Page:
There is one proviso to Josh’s engagement with the new. He relishes the speed of photography, but he also loves getting behind his 4x5 and taking hours over a photograph. “I really enjoy the way we are communicating globally with images, via Instagram and other social media,” he says. “It’s great because we have greater global awareness through the speed of technology and cameras on our phones. But it is also important to slow down and see what is going on around you and to think before you post.”
Josh enjoys reflecting on the medium of photography and the process of making projects. Through his work Josh has learned that photography cannot solve problems, simply give evidence to them. “The second you take a photograph it is already in the past,” he says. “All a photograph does is give you proof that you’ve got to the next step, evidence of where you’ve come from.” Josh sometimes feels that photography itself becomes arbitrary in the process. You are always chasing the next question. At every juncture there’s a new path. There’s never a definitive end, the change is ongoing. Through his work Josh invites viewers into this process: even though the work is highly personal it’s important for him that the topic is universal enough to create a shared space with the viewer. “I want the viewer to feel that they are going on a bit of a journey with me,” he says.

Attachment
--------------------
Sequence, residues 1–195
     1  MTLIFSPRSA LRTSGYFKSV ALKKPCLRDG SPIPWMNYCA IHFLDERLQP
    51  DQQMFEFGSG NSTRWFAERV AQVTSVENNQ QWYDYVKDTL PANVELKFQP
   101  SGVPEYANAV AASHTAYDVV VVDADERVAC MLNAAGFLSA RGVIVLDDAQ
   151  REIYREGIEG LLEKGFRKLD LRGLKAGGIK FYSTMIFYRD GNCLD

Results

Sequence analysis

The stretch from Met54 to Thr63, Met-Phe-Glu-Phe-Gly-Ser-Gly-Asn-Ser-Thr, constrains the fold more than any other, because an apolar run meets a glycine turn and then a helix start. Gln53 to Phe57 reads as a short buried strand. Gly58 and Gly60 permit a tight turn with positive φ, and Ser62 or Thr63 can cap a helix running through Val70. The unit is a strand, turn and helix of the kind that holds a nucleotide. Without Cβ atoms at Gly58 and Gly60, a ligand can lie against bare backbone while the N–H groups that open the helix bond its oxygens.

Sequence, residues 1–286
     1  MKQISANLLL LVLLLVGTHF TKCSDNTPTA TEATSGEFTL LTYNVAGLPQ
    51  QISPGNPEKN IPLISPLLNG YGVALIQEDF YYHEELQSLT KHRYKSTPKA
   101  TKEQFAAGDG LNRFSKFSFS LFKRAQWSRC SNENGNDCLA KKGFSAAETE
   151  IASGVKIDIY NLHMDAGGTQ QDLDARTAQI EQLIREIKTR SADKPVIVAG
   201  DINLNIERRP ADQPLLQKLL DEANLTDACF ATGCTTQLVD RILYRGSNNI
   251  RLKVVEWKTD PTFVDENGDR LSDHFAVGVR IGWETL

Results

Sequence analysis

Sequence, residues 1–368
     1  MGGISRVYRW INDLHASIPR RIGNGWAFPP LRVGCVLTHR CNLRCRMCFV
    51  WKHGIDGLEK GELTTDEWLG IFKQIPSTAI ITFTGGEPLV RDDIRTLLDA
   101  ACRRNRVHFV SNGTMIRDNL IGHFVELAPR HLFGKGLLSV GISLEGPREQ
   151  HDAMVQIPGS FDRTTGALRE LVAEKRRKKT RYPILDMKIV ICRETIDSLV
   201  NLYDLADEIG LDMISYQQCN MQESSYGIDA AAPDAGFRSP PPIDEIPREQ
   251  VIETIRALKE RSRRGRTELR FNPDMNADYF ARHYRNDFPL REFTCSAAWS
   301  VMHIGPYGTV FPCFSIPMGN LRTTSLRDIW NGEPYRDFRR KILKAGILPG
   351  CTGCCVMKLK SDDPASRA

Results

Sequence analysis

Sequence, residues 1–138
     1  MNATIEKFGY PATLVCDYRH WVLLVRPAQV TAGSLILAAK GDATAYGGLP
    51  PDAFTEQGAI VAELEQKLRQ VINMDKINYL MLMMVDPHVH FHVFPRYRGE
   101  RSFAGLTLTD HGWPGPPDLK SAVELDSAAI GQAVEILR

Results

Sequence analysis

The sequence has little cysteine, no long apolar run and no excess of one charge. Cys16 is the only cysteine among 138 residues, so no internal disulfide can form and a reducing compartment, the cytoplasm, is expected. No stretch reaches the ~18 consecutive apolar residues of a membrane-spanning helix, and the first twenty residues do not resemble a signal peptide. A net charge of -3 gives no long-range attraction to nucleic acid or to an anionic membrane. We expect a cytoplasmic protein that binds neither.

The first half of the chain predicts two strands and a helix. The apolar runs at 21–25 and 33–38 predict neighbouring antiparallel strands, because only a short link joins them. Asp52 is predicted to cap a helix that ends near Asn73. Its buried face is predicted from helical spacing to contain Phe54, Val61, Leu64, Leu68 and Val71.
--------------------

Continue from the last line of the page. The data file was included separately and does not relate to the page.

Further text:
A sense of play and of always being open to different ways of expression infuses all Josh does. “Constantly trying to do different things sometimes requires me to not make a photo, but express myself through other means and materials, which in its turn can challenge me photographically,” he says. This happens when some aspect of a commercial assignment finds its way into a personal project. “Something moves me in a way I never expected, and I find myself making work about it,” says Josh. “It comes in through the back door and pushes me forward.” This diversity of expression is evident in Josh’s influences: photographer-artists such as Jason Fulford, John Divola and David Campany. “I love looking at people who jump off on different avenues in photography and run with it, who have axes they pivot from and do completely different things,” he says. He enjoys collaboration, whether that is with fellow photographers, curators, on commercial projects, or with his students (Josh is an adjunct professor at Mt. San Antonio College in Walnut, California). “I’m a big-time collaborator,” he says. “I love the fun, losing myself and the laughter. With collaboration you get critique that you just can’t get in any other way.”